Neem (Azadirachta indica) is a fascinating and versatile plant and using neem has many benefits . All parts of the neem tree are useful. The most widely used parts of the neem tree are the seed kernels, the leaves and the bark. It is an oldest tradition used effectively in dental care. It has antifungal, antibacterial, antiviral, antidiabetic, and antiinfertility properties.
- The fruit of the neem plant looks a lot like an olive. The flesh surrounds a seed that contains one or several kernels.Besides that the oil is valued for its huge range of medicinal uses. The seed kernels contain the highest concentration of active substances in the neem plant. Pressing them for oil is one way to get at them, but you can also make various extracts from the seeds.
- Neem oil, the most popular neem plant product, is made by pressing the neem seed kernels.
- The kernels can contain as much as 50% oil.
- In the western world the seed oil is mostly known and valued as a safe and effective insecticide. Neem oil is very popular with organic gardeners.
- It is also used as a natural insect repellent, a safe and more efficient alternative to the harmful deet.
- Neem seed oil is also an ingredient in many skin care products. In India most of the neem oil is used in neem soap, but there are also neem shampoos, lotions, creams etc.
- The seed oil can be toxic and should not be taken internally.
- The leaves of the neem plant are the most versatile and most easily available resource. They contain the same active ingredients as the seeds, just in much lower concentration.
- Although the leaves of the neem tree have been used this way for thousands of years in India, Neem is a very powerful herb.
- The topical use of neem leaf extracts and leaf paste is safe.
- Skin care and the treatment of skin disorders is where the neem plant really shines .Leaf pastes and extracts are used in skin care products, hair oils, in neem toothpastes and mouth washs, and they also have lots of medicinal uses.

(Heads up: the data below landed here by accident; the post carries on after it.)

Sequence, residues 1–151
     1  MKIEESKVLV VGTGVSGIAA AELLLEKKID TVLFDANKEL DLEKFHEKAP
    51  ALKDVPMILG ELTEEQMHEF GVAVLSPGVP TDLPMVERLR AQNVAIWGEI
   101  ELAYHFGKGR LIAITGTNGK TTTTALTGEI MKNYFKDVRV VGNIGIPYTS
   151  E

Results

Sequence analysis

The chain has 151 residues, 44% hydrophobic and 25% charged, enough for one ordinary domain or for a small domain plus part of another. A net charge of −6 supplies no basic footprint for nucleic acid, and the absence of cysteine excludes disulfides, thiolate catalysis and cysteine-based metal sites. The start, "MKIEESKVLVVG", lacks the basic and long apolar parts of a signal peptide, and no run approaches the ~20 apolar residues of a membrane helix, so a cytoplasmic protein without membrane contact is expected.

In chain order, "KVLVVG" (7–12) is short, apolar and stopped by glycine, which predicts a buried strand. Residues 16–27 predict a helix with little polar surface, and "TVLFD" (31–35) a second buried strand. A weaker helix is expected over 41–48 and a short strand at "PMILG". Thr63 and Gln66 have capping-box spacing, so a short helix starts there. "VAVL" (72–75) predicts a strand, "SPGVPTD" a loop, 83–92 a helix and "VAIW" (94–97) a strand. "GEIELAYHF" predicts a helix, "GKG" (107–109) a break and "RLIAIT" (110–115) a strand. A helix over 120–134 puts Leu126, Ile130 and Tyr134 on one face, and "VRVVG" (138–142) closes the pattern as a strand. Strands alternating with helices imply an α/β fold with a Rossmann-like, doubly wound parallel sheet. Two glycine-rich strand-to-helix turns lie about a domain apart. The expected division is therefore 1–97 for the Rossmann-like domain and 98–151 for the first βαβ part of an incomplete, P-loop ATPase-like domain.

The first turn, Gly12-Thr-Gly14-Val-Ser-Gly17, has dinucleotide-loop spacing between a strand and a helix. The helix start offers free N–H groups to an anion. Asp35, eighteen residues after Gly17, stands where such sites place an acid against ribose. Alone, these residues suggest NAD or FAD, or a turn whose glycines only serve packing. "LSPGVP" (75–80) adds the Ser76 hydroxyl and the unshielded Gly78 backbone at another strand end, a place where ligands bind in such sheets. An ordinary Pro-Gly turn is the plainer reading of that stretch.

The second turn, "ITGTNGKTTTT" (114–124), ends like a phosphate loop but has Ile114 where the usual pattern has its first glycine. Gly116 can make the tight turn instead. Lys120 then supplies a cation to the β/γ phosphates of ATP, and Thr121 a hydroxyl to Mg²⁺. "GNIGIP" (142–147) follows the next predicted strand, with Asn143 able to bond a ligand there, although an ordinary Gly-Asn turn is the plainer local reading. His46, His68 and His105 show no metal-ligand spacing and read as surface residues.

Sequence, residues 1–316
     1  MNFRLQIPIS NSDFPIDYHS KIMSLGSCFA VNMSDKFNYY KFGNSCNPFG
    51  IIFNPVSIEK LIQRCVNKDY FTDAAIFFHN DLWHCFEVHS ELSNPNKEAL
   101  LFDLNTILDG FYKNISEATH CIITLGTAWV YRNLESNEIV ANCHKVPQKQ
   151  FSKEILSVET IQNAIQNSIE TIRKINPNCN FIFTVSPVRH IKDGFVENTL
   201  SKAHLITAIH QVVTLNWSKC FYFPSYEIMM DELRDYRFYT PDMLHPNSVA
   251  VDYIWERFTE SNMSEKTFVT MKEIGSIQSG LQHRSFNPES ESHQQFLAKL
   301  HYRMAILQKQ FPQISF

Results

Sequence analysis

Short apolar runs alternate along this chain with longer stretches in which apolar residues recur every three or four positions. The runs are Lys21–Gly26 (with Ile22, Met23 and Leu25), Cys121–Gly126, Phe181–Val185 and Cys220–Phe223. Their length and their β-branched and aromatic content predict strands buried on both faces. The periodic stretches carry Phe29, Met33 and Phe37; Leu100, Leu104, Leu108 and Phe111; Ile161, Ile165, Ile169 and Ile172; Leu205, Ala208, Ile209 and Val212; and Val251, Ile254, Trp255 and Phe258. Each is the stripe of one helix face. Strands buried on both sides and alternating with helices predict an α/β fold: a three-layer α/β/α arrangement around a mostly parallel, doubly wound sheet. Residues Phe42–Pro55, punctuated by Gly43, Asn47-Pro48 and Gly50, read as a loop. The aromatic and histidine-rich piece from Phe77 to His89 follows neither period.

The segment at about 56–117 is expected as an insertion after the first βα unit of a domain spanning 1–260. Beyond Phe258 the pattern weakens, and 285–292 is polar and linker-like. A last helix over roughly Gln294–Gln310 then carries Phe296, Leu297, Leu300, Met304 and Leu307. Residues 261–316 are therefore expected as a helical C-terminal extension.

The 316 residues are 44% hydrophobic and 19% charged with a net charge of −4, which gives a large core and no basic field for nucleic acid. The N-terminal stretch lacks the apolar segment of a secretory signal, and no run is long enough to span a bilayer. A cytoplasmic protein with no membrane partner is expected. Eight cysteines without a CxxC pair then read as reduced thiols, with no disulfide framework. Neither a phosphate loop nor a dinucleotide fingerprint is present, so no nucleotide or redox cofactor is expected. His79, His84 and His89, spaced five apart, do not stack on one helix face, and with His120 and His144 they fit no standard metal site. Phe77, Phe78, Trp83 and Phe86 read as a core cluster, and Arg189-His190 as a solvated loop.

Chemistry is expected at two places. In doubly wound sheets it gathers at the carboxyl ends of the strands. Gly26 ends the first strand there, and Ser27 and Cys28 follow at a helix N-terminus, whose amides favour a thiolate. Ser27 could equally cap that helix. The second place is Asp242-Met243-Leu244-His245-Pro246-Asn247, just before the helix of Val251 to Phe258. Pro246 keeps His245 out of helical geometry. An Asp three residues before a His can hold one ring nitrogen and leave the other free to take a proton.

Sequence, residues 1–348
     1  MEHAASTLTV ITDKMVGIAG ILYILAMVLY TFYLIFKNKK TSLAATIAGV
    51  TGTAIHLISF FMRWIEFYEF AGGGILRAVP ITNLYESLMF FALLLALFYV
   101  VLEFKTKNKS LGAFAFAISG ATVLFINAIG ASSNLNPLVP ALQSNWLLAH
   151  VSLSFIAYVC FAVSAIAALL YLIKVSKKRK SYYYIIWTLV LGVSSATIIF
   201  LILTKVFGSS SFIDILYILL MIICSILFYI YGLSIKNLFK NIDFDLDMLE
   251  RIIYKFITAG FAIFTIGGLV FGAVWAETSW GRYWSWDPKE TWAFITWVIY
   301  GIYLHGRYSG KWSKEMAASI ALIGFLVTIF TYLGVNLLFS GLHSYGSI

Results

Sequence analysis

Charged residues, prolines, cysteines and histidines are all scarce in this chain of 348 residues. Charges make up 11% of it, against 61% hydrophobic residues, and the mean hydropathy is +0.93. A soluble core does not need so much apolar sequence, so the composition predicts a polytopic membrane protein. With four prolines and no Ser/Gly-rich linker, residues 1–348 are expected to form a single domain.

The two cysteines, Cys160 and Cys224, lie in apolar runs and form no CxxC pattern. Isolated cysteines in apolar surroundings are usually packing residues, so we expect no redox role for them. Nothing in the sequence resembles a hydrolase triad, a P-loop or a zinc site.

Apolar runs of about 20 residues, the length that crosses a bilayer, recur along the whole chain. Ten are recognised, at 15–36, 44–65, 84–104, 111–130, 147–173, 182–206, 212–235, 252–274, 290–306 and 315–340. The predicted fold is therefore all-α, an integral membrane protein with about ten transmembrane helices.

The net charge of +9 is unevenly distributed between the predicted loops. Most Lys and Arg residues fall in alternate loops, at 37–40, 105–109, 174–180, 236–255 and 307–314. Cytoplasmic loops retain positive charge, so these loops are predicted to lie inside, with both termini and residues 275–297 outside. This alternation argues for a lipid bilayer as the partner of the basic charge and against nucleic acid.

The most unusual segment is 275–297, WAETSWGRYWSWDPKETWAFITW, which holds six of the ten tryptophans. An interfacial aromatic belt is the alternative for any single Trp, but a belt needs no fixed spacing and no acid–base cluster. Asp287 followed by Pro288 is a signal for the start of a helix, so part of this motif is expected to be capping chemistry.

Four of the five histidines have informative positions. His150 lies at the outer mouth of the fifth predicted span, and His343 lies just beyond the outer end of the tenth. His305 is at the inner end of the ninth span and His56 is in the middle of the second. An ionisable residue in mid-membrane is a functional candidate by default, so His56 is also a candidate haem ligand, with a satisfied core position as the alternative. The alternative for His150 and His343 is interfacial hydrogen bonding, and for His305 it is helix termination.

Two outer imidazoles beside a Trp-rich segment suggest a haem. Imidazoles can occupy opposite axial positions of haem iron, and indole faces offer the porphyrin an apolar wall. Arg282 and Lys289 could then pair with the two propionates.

- Many herbalists recommend chewing the leaves, taking capsules of dried leaf, or drinking the bitter tea.
- The leaves cleanse the blood, help the gastrointestinal system (ulcers!), support the liver, and strengthen the immune system, to name just some of the most popular benefits
- It is extremely effective in eliminating bacterial and fungal infections or parasites
- Its antiviral activity can treat warts and cold sores
- It soothes inflammation and reduces redness
- It moisturizes the skin and keeps it supple
- It can even lighten scars and pigmentation.
- Examples of such uses are scabies and acne treatment.
- The bark of the neem tree is not used as much as the seeds or leaves, for obvious reasons. There is not as much of it, it does not regenerate as quickly, and it is slightly more difficult to use. Because of its dry and hard nature the ingredients are more difficult to extract.
- However, in one medicinal field the bark is the recommended plant part to use. That field is dental care. The bark contains a higher concentration of active ingredients than the leaves, and is especially high in ingredients with antiseptic and anti-inflammatory action. Neem bark is highly effective when treating gingivitis (gum disease).
- Chewing young, supple branches, and then using them as a toothbrush, prevents cavities and gum disease
- Indian villagers have used this method for centuries (Though in modern India neem toothpaste , daatun , mouthwashs, and bark powders are the preferred method)
- Neem cake is a strange name for the pulp that is left after extracting neem seed oil from kernels
- It is indeed edible, at least for animals, and is sometimes used as fodder
- However, the most common and recommended use is as a soil amendment and fertilizer
- The flowers of the neem plant have a lovely, sweet, honey-like smell
- It is quite intense, noticeable from a distance, but never overpowering
- Bees love neem flowers and neem honey is popular
- The flower oil is also used in aromatherapy and has a calming and restorative effect